- Posted February 3, 2014 by
Aboriginal Sharing “Dadirri” Spirit on Australia Day 2014
By Shan Ju Lin
On 26th January 2014, Reconciliation Queensland Inc. (RQI) screened “Family”, the first episode of the first Series of “Redfern Now” at the Broncos Leagues Club at Red Hill in Brisbane, Australia. This series has brought Aboriginal city-based issues to mainstream audiences and created a greater understanding of the pressures of daily living in Aboriginal Communities. The event also shared “Dadirri” spirit, which calls on Australians to listen to one another.
The guest Speaker Alec Doomadgee, plays the lead role opposite Leah Purcell in the film, has spoken from the perspective of an Aboriginal actor and producer, about the importance of having programs like this on primetime television spots, and the impact it might have on reconciliation and understanding between Aboriginal and white Australian communities.
The event also screened "The Domo Boys", a DVD put together by the "boys" who lived at the Boys Dormitory at Cherbourg, and a reminder of past government policies that deprived children of their families and families of their children. David Wragge and Marshall Saunders were also attended and introduced the Domo Boys.
RQI had also shared the “Dadirri” spirit at the event, their Co-Chair Aunty Heather Castledine has stated that they are hoping the messages could reach all Australians. The following are the important parts of the messages:
“Dadirri” is a special quality, a unique gift of the Aboriginal people, and inner deep listening and quiet still-awareness. “Dadirri” recognises the deep spring that is inside us. It is something like what you call contemplation.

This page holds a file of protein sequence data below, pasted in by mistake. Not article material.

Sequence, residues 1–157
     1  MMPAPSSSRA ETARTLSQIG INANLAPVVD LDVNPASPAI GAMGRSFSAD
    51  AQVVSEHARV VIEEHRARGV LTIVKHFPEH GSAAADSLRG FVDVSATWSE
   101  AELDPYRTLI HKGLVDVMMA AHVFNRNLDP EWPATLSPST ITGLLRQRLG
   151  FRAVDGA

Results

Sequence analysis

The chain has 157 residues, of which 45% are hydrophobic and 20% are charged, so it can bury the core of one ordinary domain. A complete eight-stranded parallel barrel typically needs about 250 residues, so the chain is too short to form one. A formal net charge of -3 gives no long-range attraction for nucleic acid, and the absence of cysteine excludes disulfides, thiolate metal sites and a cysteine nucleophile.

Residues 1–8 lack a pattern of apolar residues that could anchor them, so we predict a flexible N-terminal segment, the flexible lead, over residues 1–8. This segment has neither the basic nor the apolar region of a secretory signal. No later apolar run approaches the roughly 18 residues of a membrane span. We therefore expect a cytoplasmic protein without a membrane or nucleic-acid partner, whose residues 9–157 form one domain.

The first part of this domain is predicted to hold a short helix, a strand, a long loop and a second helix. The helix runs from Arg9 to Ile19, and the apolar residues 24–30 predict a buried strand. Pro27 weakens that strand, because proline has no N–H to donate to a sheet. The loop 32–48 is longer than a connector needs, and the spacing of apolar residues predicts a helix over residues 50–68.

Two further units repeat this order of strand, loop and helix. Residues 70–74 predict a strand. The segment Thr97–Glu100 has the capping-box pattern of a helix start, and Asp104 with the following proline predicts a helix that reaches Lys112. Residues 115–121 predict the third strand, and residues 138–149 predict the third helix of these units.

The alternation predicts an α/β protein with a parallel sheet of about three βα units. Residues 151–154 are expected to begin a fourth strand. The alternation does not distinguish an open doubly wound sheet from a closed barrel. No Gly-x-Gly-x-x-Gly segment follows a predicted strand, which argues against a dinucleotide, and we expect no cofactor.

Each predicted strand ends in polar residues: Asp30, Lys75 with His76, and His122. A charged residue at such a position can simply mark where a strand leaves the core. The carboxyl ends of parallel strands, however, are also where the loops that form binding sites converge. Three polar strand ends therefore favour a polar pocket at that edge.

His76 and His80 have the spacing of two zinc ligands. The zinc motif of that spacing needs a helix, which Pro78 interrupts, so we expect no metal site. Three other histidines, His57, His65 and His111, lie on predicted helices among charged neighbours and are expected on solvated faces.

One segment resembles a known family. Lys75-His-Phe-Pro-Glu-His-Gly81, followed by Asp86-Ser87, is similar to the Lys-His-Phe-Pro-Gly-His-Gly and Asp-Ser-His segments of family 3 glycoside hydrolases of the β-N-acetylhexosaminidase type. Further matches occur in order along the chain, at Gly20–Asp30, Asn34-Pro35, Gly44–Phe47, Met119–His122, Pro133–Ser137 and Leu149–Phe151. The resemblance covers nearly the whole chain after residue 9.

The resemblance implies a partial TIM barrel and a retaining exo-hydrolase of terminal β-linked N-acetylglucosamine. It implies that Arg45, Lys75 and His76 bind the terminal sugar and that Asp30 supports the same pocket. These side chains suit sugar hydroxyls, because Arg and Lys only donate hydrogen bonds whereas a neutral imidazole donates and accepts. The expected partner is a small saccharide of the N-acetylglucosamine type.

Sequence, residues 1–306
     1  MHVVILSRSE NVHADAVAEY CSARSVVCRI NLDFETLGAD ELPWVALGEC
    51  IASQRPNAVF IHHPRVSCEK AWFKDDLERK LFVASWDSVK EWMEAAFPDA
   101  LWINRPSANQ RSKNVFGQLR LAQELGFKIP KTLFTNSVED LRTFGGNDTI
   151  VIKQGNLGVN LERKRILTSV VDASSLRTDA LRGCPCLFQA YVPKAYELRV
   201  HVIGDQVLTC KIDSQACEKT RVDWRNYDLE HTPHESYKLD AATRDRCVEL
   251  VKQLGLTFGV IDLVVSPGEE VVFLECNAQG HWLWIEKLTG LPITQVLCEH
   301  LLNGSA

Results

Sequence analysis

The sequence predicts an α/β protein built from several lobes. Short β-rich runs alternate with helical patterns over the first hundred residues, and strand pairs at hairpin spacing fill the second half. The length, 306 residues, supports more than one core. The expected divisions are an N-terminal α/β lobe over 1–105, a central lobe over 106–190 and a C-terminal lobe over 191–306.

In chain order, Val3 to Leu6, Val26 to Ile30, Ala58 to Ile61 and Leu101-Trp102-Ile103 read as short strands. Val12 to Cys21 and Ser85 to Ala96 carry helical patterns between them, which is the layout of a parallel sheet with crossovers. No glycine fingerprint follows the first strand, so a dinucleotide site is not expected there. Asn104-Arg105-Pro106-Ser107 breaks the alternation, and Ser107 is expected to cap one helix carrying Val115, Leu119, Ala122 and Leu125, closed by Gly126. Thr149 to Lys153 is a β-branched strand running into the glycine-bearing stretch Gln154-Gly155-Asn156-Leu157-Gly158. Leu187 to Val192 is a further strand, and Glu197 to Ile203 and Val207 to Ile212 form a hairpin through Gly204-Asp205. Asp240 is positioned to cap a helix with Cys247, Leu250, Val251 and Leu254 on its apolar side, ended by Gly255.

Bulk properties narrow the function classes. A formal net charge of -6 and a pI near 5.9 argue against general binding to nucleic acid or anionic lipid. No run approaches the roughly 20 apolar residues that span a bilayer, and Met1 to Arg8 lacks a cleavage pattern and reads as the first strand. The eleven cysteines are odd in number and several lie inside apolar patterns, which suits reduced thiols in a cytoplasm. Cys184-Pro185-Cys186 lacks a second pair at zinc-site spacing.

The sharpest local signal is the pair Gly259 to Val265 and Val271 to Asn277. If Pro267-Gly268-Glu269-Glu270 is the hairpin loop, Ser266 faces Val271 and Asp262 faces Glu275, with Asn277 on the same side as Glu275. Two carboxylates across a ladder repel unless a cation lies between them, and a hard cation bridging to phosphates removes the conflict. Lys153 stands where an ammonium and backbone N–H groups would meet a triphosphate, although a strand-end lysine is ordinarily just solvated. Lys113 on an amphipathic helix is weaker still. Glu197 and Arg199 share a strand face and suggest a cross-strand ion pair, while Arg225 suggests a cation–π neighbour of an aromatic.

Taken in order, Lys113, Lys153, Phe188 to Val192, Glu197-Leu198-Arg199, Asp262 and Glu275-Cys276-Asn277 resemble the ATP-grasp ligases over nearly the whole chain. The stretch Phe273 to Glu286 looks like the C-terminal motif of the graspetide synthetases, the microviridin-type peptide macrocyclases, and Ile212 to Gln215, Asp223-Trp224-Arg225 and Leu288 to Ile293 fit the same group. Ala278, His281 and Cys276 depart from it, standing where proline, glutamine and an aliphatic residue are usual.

The contemplative way of Dadirri spreads over our whole life. It renews us and brings us peace. It makes us feel whole again. In our Aboriginal way, we learnt to listen from our earliest times. We could not live good and useful lives unless we listened.
We don’t worry; we know that in time and in the spirit of Dadirri (that deep listening and quite stillness) the way be made clear.
Our people are used to the struggle and the long waiting. We still wait for the white people to understand us better; we ourselves have spent many years learning about the white man’s ways; we have learnt to speak the white man’s language; and we have listened to what he had to say. This learning and listening should go both ways. We would like people in Australia to take time and listen to us; we are hoping people will come close; we keep on longing for the things that we have always hoped for - respect and understanding.
We know that our white brothers and sisters carry their own particular burdens; we believe that if they let us come to them, if they open up their minds and hearts to us, we lighten many burdens. There is a struggle for us, but we have not lost our spirit of Dadirri.
There are deep springs within each of us. Within this deep spring, which is the very spirit, is a sound. The sound of Deep calling to Deep. The time for rebirth is now. If our culture is alive and strong and respected it will grow. It will not die and our spirit will not die. I believe the spirit of Dadirri that we have to offer will blossom and grow, not just within but across our whole nation.